Anyway, yes, Twitter and Facebook helped democratize publishing, but they also made sure that fewer and fewer people use blogs to transport their pithy comments to the masses. My gripes with that are the same as I’ve pointed out a couple of times: your comments, your content, you don’t control them. The discussions and whatever interaction happens, they belong to the platform. Which in the short run doesn’t seem like a problem, but as soon as a platform shuts down, for example, you’re shit out of luck. All your insights, your claim to Internet fame, they go up in smoke.
So what can be done about it? I’m not sure.
I’ve dabbled with the idea of creating self-hosted tumblelog-style blogs. While they can sufficiently recreate the notion of just posting quick and dirty little updates, they can’t replicate the effect Twitter has. As always, you need to post where people see it and will have enough impetus to react to it. That works on platforms where people already have the option of commenting on all and sundry (sometimes to the detriment of discussions, mind you).
The thing is, that even happens with real, actual, longer blogposts. Founded by Twitter-founders, Medium.com, a plattform for actual longer texts, has taken off in the last few years. In the end, it’s not much more than a hosted blogging platform, but it makes it so easy for everyone to post and comment, suddenly people with perfectly healthy blogs decide to start posting there (or maybe just cross-post their content). It’s understandable, because again it’s a platform that makes sure that your content will be more widely read than when you post it on your own blog (unless you’ve already got a loyal following).
Another way to do this would be to use decentralized twitter-like software (like status.net). The problem here is that for one, nobody uses it, and two, it’s a bit of a pain to set up (admittedly, number two is probably the cause for number one). So that doesn’t work either.
One solution I think is still rooted in the history of WordPress. Sometime during the early 2000s, someone came up with what they called asides. Basically, people saw the need to be able to post things that could do without having to look for a title, categories, tags and the like. This turned into tumblelogs later on, but the solution before that was creating a category mainly geared at these sorts of posts. The term “asides” was coined (by Matt Mullenweg of WordPress fame himself), and today, that’s actually a separate post-type in most WordPress themes.
That’s a good thing, the only problem is, that while most themes allow you to categorize your posts as “aside”-types, the way they actually display them is usually nothing to write home about. This theme, for example, doesn’t do much with it (it might do something with it in the feed, but I don’t think so).
Then again, the whole thing isn’t really about the layout of the site, it’s still very much about the convenience of not having to visit all sorts of blogs just to see a short little post about how much someone loves the new season of Fargo (spoiler: it’s really good). Maybe the times of the blog as your social media one-stop-shop are over and the best you can do is let all your tweets flow into your blog’s sidebar or some such thing. I’m not sure, but I personally like the idea of having my own social-media hub far too much to stop thinking about it. So I won’t. And you’ll maybe see another lengthy blogpost about ephemera like this rather sooner than later.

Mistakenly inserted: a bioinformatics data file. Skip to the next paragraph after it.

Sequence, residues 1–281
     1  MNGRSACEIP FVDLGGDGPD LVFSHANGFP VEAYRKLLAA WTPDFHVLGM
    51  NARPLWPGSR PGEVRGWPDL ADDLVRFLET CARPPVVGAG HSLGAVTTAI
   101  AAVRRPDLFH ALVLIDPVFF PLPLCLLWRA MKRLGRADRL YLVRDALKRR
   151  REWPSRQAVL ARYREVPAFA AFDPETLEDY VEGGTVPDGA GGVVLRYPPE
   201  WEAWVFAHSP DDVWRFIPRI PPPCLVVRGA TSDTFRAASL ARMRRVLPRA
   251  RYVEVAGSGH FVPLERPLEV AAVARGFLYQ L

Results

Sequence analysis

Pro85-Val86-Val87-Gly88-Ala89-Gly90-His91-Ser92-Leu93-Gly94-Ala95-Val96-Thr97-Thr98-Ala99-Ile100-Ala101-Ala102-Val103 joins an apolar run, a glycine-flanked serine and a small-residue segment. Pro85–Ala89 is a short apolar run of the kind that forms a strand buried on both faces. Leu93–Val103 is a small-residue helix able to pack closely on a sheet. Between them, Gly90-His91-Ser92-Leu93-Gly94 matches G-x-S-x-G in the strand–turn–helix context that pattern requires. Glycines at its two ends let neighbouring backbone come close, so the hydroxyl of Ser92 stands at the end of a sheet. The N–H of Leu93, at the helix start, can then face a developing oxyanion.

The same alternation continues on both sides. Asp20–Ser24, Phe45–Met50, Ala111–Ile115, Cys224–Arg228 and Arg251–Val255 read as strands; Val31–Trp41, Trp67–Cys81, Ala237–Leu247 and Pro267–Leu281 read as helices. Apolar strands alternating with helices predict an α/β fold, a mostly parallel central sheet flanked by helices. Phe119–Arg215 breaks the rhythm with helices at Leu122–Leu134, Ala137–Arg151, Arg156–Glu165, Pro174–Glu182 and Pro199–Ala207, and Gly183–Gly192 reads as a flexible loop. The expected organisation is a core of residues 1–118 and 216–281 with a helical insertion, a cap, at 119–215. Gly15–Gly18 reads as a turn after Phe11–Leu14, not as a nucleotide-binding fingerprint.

I’ve been listening to podcasts, on and off, for the better part of ten years now and while in the early days it was quite a bit cumbersome to get your latest episodes onto your portable player, nowadays it’s one of the easiest things out there. Not least due to a plethora of apps and services that help you with just that. After using quite a few of them, I’m now quite sure that the best is Pocket Casts. It’s available for not just Android and iOS, but Windows Phone too (for the 1%ers, so to speak).
The UI is easy on the eyes, it’s fast, it syncs everything between whatever device you want to use it on and best of all, it’s even got a web interface (which you can see above). But hey, that’s not all. Here’s their very own feature list:
Variable speed is something I’m quite fond of. While, for example, I really enjoy Hardcore History’s Dan Carlin and his way of telling history, I sometimes am pressed for time and it’s absolutely possible to listen to him at twice the speed.
A word about the web version: while it’s not free, it’s only 9 USD, and they let you try it out for free for 14 days. I tried it for a few minutes and bought it. Because hey, it’s a steal.
And by the way, I’ve also made the jump from listening to creating and am now part of a podcast myself. It’s called Zeitsprung, it’s about history and I’m one half of it. The other half is my friend and longtime co-conspirator Daniel of Codinghistory fame. So if you do install Pocket Casts, make sure to add us to your queue.
Mailbox was a rather innovative approach to e-mail inboxes, allowing people to do fun stuff like deferring mails and having them return to their inbox at a pre-set, hopefully more opportune time.
Carousel on the other hand was an app that worked like a phone’s gallery, allowing users to share their pictures with friends and family. It was a good app, even though it wasn’t, even by a long shot, the only contender in the field.